Reclaiming protection of civilians under international humanitarian law: reflections from the Oslo global conference

Reclaiming protection of civilians under international humanitarian law: reflections from the Oslo global conference

Over the past sixty years, international humanitarian law (IHL) has established a comprehensive legal framework for the protection of civilians (PoC) in armed conflicts. There is broad consensus that these guidelines afford non-combatants significant protections from the effects of military operations − provided they are carefully implemented by all sides to a conflict. Notwithstanding these measures, on a daily basis civilians are directly affected, through death, injury, rape and forcible displacement as a direct consequence of war, or indirectly through conflict-induced increases in disease, hunger and malnutrition. As modern conflicts are often fought in areas with large populations, civilians find themselves increasingly caught in the crossfire, contributing to a legacy of socio-economic challenges to be dealt with long after the cessation of hostilities. It is important to further regulate and clarify IHL if academics and practitioners alike are to keep up with new developments in modern warfare and humanitarian concerns.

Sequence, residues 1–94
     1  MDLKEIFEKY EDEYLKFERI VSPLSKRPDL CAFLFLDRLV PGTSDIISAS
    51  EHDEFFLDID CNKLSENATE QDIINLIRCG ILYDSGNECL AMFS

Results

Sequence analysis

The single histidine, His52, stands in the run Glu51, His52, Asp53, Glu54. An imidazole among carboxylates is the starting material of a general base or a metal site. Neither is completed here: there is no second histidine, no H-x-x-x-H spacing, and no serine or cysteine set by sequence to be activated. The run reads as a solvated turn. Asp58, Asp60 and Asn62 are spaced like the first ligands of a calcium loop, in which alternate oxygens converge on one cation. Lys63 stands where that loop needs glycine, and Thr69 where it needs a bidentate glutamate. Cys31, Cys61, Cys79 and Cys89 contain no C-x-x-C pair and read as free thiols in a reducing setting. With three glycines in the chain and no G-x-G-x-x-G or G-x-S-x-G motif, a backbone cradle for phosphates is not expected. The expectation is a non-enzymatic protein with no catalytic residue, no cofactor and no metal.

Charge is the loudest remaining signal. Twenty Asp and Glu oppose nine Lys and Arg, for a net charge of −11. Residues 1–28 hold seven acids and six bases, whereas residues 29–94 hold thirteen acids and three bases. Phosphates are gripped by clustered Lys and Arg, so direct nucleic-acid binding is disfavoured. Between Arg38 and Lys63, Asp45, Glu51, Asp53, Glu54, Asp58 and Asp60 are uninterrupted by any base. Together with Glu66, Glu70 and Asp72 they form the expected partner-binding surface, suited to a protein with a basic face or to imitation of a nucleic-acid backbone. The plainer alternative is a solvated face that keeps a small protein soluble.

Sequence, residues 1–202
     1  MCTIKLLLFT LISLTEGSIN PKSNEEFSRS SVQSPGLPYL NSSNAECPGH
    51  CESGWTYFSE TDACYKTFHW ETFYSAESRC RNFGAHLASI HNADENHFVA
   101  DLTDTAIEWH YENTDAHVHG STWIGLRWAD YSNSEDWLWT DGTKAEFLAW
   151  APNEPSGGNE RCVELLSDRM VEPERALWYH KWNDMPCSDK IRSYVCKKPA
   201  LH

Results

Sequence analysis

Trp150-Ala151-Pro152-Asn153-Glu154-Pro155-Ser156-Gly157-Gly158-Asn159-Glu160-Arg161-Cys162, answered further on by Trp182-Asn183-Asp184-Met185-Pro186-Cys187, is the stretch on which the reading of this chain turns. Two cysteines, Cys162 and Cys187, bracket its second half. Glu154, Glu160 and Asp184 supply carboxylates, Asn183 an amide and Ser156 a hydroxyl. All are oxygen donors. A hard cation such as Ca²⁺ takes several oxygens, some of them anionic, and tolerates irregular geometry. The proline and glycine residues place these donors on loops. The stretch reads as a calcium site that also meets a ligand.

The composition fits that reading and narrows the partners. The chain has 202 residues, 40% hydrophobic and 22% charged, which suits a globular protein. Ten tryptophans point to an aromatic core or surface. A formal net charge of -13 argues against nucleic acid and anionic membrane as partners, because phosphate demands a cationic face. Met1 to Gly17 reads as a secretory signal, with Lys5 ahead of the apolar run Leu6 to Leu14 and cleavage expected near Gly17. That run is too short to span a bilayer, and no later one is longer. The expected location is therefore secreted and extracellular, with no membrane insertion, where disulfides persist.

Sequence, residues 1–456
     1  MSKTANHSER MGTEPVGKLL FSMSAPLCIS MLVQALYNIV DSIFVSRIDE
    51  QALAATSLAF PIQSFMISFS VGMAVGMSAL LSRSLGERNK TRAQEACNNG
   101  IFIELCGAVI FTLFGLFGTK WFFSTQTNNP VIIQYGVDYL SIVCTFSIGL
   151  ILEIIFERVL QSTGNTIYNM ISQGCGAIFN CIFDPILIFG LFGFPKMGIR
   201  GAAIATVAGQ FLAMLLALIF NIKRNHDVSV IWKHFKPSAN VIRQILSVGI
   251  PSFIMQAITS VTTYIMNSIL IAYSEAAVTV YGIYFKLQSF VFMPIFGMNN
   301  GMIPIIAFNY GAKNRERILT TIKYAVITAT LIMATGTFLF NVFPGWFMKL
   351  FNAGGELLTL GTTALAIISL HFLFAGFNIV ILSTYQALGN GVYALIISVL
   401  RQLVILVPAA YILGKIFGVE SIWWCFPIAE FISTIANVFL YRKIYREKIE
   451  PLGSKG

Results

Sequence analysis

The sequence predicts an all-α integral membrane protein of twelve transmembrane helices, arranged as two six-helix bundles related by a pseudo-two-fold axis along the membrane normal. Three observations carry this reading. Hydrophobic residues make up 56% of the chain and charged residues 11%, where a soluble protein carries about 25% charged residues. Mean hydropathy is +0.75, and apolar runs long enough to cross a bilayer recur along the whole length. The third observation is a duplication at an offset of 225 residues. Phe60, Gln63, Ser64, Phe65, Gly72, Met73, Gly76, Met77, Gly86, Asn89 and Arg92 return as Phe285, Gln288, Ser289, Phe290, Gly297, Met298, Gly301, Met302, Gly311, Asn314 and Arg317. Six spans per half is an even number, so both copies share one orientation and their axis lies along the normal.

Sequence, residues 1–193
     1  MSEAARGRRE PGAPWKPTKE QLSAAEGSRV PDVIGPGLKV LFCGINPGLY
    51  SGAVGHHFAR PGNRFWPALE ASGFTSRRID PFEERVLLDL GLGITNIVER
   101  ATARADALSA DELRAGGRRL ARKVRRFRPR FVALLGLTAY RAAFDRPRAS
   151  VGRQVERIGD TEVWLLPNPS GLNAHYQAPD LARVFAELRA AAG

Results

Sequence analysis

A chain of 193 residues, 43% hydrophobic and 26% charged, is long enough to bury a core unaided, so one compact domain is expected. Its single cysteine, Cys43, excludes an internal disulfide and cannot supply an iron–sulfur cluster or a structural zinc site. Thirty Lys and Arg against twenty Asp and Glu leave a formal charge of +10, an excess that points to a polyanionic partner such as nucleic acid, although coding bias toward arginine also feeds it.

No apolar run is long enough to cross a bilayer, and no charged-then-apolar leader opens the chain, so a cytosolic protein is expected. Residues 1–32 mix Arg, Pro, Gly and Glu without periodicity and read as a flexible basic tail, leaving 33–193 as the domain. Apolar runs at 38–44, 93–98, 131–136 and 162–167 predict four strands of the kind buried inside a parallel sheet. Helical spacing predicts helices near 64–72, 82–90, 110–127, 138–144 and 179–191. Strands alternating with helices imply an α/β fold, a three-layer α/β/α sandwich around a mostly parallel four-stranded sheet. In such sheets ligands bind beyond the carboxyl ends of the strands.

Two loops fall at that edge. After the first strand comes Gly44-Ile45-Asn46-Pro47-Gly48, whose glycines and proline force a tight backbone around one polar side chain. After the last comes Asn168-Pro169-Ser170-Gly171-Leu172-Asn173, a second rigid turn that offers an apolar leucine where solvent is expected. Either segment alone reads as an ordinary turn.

It is a widely understood, however, that the main obstacles to better PoC in armed conflicts primarily relate to the ways in which IHL is implemented, and general lack of respect for the rules by parties to conflicts. In response to these gaps, some countries – Argentina, Austria, Indonesia, Norway and Uganda − have hosted global conferences to come up with vital and workable recommendations on the best implementation of PoC ideals and practices under international humanitarian law.

This Policy & Practice Brief (PPB) discusses select recommendations that emerged from the Oslo, Norway, global conference of 2013, which built on the Geneva conventions of 1947 and 1977, respectively. It highlights these endorsements, while linking their application to ongoing processes and frameworks in the context of peace operations in Africa, with the goal of revamping the application of IHL in moderating existing and emerging hostilities across the globe.

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